I wish it didn’t happen.

But it did.

Years ago I worked in a store that sold hockey equipment. (It doesn’t get much more Canadian than that, eh.)

The store was on the main street of town, and it did a pretty brisk bit of business.

And while everything was good in the front, in the back… not so much.

Literally 2 blocks behind us was the city’s ghetto.

Open drug dealing, cars being vandalized, buildings being broken into & set on fire, junkies stepping in front of cars to get hit so they could sue the driver… I saw it all.

Oh, yes, and then there was the prostitution.

We’d regularly have the “customers” dropping the girls off on the main street in front of our store. So they could save the two seconds of driving them back to their corner in the ghetto. Naturally.

It was, shall we say, interesting.

Never a dull moment…

In addition to this, we were regularly harassed by the bylaw officials who came to give us parking tickets.

There was no parking to be had except on the sidestreet beside our store. So that’s where we parked.

But the bylaw lady didn’t like that and would come and chalk lines on our tires.

This way, when she came back in a couple hours, she’d know if we’d moved our car or not.

And if the chalk line was still there, it was ticket writin’ time.

This set off a game of cat and mouse, as we started watching for the cranky bylaw lady.

Once we spotted her (and she was done marking our tires) we’d run outside and wipe the chalk off.

Boom. Problem solved.

But this created a new problem where we had to run out and check our tires once in a while, in case she slipped by and marked our tires without us noticing.

And so one snowy day, I found myself walking outside to check my tires.

There were mushy piles of snow all over the salted sidewalk, so I had my head down concentrating on my next step. I didn’t want to soak my sneakers and spend the rest of my shift with wet feet.

Finally, having tiptoed my way through the slushy snow, I made it to my car.

When I reached the driver’s side door, I looked over to see a hooker at passenger door trying to get in(!)

I was frozen with shock.

“What are you doing?” I stammered as my mind started racing.

In a flash I was thinking of what this would look like if anyone passed by.

It would be just my luck to have the pastor’s wife walk by and see this.

How would I explain my innocence?

Anything I said would sound like the typical excuses of someone caught red handed.

Worse yet, I reasoned, “What if it wasn’t brought up at all, but was instead passed on to others before I had the opportunity to explain?”

If my mom saw me I’d at least have a chance to explain it all.

But if someone else walked by and rushed to a snap judgment I could have countless people talking behind my back!

I could almost hear their judgmental thoughts ringing in my ears: “We always knew there was something about that guy…”

The girl’s response snapped me back to into the moment.

“I thought you wanted me to get in,” she replied.

Thankfully, she saw my shocked look of total bewilderment and left.

I don’t know what I would’ve done if my passenger door hadn’t been locked and she got in the car.

I mean, really, what could I have done? Paid her to leave? How incriminating would THAT look?

I was stunned by the whole series of events.

I was concentrating so hard on not getting my feet wet, that I was unaware of anything else going on.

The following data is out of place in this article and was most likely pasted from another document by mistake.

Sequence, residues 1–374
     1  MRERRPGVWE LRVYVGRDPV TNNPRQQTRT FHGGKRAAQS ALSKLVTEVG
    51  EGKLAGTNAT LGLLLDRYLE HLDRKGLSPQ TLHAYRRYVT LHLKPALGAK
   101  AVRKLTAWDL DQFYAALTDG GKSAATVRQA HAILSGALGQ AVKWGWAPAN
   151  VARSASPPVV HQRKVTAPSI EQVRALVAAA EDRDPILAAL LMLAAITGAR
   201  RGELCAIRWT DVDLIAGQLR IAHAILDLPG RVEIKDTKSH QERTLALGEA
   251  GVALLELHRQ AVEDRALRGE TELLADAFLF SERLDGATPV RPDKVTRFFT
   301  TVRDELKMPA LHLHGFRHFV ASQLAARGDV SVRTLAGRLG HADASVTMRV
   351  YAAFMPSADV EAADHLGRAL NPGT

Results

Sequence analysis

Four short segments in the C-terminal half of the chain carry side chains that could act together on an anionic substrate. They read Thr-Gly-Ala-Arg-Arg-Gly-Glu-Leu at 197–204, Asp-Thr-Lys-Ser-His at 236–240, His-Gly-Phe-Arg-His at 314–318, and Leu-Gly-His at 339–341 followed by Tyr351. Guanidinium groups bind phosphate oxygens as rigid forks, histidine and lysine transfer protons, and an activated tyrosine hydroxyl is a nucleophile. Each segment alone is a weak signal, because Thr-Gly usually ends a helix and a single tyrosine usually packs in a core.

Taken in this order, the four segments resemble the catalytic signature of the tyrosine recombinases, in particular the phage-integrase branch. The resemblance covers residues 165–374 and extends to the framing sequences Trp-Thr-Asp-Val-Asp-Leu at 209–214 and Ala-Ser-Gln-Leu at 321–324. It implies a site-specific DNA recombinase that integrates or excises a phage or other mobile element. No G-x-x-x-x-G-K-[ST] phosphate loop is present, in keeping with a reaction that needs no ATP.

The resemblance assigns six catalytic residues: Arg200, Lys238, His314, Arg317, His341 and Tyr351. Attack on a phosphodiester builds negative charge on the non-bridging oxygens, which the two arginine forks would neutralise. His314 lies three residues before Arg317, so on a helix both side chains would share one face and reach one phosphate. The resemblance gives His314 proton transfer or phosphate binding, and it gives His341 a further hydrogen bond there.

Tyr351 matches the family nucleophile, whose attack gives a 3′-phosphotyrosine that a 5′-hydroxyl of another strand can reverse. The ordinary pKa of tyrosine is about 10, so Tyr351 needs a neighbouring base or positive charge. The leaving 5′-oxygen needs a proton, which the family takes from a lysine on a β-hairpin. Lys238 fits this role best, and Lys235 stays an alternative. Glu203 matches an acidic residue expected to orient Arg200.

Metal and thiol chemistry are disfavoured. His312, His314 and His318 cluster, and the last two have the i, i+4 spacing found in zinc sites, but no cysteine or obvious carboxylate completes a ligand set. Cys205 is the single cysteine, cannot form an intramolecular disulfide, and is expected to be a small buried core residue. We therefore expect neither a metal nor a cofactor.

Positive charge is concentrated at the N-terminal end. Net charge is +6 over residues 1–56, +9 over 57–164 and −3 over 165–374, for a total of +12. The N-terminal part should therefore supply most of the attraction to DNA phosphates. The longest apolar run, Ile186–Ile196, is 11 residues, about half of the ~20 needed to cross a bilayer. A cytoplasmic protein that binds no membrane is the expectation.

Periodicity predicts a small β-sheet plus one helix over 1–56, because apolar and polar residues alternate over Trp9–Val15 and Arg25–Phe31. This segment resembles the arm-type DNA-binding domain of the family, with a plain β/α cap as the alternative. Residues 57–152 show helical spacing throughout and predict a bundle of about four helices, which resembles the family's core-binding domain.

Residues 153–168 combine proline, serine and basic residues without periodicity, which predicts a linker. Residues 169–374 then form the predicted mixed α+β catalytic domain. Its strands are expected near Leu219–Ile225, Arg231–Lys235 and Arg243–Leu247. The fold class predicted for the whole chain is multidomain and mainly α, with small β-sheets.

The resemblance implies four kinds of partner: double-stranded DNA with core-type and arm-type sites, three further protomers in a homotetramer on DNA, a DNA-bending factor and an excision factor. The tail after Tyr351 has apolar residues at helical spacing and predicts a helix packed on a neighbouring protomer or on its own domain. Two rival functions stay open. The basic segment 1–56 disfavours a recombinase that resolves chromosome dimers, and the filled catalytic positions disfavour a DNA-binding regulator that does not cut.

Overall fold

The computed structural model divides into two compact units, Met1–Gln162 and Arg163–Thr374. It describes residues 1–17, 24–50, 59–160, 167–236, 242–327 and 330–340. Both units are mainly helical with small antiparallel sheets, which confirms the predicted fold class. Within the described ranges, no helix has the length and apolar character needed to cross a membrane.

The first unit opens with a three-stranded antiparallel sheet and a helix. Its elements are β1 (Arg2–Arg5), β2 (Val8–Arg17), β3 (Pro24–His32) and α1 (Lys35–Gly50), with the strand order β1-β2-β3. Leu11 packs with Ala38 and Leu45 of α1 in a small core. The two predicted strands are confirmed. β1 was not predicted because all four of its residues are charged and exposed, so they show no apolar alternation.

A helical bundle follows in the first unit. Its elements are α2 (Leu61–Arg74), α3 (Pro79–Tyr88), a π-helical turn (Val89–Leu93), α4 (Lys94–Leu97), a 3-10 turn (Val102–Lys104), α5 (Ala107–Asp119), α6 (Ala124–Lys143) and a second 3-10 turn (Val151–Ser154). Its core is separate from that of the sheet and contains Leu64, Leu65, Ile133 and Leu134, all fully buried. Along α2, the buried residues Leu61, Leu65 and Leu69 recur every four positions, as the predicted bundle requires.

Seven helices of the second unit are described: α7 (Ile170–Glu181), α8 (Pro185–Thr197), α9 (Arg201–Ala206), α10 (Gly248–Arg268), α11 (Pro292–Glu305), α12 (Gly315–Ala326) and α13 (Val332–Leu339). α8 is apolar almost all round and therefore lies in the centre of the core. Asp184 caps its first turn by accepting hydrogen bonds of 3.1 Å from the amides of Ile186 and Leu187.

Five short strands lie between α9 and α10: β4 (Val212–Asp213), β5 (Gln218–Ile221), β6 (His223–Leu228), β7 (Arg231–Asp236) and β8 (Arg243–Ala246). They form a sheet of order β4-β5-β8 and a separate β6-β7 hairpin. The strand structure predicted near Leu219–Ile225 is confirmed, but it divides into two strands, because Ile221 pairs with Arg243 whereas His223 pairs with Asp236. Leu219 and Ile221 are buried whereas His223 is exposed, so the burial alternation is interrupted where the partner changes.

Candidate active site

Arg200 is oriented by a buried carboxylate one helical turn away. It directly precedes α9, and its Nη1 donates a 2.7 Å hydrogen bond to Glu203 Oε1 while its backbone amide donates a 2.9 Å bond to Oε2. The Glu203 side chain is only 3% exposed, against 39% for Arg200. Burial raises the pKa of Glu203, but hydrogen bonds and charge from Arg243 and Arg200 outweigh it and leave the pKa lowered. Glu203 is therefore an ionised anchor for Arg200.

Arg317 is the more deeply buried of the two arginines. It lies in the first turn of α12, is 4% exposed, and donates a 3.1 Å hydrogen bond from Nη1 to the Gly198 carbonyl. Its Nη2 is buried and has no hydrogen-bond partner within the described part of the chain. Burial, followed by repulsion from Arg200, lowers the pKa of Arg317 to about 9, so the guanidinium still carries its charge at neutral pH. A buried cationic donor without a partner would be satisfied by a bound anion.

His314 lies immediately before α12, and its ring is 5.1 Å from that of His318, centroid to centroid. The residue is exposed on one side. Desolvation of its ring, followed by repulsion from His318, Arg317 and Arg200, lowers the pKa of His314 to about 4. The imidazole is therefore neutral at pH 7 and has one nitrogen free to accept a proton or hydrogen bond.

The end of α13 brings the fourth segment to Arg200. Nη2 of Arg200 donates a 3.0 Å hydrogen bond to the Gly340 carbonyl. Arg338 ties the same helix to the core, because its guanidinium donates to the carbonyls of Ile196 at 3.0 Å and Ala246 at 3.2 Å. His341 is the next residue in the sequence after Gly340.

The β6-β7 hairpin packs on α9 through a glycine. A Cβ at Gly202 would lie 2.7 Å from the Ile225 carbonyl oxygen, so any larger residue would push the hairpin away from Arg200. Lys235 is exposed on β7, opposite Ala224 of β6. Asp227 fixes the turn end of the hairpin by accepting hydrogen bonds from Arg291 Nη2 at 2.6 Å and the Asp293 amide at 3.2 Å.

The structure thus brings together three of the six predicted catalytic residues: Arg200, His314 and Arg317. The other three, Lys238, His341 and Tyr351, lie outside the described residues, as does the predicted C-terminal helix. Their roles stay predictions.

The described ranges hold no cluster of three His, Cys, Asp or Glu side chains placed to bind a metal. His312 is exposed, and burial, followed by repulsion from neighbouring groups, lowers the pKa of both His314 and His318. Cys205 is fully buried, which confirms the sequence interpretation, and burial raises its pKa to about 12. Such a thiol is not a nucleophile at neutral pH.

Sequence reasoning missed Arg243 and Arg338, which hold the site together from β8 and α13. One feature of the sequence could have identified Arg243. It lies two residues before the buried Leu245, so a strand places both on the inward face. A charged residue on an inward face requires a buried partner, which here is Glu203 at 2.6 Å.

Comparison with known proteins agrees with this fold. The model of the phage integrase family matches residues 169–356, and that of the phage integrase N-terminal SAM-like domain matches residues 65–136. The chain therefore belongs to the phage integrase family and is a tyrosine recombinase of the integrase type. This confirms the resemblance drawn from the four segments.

So much so, that I didn’t even see the girl walking towards my car.

But this story reminds me of an experience a lot of new stock traders have.

(And, no, I’m not talking about a misadventure involving a prostitue. Unless they’re like Jordan Belfort from “The Wolf of Wall Street”, in which case it just might.)

But so often new traders are concentrating so hard on learning the technical stuff, that they don’t see what’s happening around them.

They get so caught up in the mechanics of their trade that they lose sight of where the market’s headed.

And the market moves without them realizing it.

In no time at all, the market’s moved against their trade and they’re standing there completely stunned… not knowing what to do.

And — just like me with the hooker at my car door — they have no idea what’s going on.

“Will the market stop? Will it keep moving against my trade? Will it reverse direction and go away? Should I close my trade? Should I adjust my trade? How the heck do I adjust a trade?”

Being inexperienced and caught off guard can lead to some hectic experiences.

Luckily for me on that wet, snow-covered day, everything turned out OK.

Nobody saw me (at least that I know of!), and nobody else knows about this.

Other than you. (But I’m trusting your discretion.)

But for many new traders, it doesn’t often end well and they lose piles of money.

And the only way to avoid these situations is to go all Liam Neeson and develop “a very particular set of skills, skills acquired over a very long career,” so that you become aware of what’s happening in the marekt.

And this comes with many hard lessons only won through experience.

Of course, you could skip all that and borrow the experience of my trading team inside The Empirical Collective by following our trade alerts here.

Here’s to not getting blindsided!

Have an incredible day!

Your Minister of Capitalism,
Brett Davison

This has been re-posted from The Minister of Capitalism’s email list, where he keeps his best and most ingenious thoughts.

If you’d like to get frequent doses of his dopamine-laced, irreverent ideas, you can sign up below.

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